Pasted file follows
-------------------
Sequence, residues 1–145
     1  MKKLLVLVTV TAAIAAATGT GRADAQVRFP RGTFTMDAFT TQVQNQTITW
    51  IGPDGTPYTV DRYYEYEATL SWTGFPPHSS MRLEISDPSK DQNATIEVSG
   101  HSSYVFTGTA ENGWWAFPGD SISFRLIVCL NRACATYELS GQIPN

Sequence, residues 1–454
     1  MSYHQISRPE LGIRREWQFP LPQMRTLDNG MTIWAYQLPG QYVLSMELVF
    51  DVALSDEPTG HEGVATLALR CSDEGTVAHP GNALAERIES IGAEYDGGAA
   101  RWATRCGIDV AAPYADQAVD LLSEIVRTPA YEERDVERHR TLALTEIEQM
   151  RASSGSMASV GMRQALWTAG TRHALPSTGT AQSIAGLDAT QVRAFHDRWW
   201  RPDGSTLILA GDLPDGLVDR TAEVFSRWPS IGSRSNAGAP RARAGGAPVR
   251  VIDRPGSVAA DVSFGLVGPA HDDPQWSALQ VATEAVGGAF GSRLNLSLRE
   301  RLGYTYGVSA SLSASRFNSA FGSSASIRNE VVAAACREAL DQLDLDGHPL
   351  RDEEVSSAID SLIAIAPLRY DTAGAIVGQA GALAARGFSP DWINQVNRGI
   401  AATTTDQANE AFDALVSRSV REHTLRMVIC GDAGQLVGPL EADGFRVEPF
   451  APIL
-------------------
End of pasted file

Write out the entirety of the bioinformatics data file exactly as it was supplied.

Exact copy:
Sequence, residues 1–145
     1  MKKLLVLVTV TAAIAAATGT GRADAQVRFP RGTFTMDAFT TQVQNQTITW
    51  IGPDGTPYTV DRYYEYEATL SWTGFPPHSS MRLEISDPSK DQNATIEVSG
   101  HSSYVFTGTA ENGWWAFPGD SISFRLIVCL NRACATYELS GQIPN

Sequence, residues 1–454
     1  MSYHQISRPE LGIRREWQFP LPQMRTLDNG MTIWAYQLPG QYVLSMELVF
    51  DVALSDEPTG HEGVATLALR CSDEGTVAHP GNALAERIES IGAEYDGGAA
   101  RWATRCGIDV AAPYADQAVD LLSEIVRTPA YEERDVERHR TLALTEIEQM
   151  RASSGSMASV GMRQALWTAG TRHALPSTGT AQSIAGLDAT QVRAFHDRWW
   201  RPDGSTLILA GDLPDGLVDR TAEVFSRWPS IGSRSNAGAP RARAGGAPVR
   251  VIDRPGSVAA DVSFGLVGPA HDDPQWSALQ VATEAVGGAF GSRLNLSLRE
   301  RLGYTYGVSA SLSASRFNSA FGSSASIRNE VVAAACREAL DQLDLDGHPL
   351  RDEEVSSAID SLIAIAPLRY DTAGAIVGQA GALAARGFSP DWINQVNRGI
   401  AATTTDQANE AFDALVSRSV REHTLRMVIC GDAGQLVGPL EADGFRVEPF
   451  APIL